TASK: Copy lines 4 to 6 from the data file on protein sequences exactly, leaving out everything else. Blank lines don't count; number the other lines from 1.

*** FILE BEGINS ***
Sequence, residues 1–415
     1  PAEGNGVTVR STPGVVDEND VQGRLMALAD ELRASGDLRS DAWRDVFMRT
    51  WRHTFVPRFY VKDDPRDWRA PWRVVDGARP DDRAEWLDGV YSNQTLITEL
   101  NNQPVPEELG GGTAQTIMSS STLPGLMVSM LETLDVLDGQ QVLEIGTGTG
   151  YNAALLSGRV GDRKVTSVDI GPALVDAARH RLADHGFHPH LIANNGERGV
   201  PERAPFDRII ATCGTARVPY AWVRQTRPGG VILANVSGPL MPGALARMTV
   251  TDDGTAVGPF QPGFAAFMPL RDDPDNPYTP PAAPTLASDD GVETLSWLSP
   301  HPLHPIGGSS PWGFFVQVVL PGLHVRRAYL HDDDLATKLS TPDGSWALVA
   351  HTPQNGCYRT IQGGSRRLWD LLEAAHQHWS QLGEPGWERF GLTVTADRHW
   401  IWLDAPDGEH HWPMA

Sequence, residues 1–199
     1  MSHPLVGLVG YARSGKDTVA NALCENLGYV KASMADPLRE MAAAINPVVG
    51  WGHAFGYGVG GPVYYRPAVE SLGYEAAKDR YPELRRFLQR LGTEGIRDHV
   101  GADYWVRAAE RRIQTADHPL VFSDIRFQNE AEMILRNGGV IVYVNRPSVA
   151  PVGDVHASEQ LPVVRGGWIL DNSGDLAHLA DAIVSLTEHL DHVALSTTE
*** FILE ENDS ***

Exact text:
   101  NNQPVPEELG GGTAQTIMSS STLPGLMVSM LETLDVLDGQ QVLEIGTGTG
   151  YNAALLSGRV GDRKVTSVDI GPALVDAARH RLADHGFHPH LIANNGERGV
   201  PERAPFDRII ATCGTARVPY AWVRQTRPGG VILANVSGPL MPGALARMTV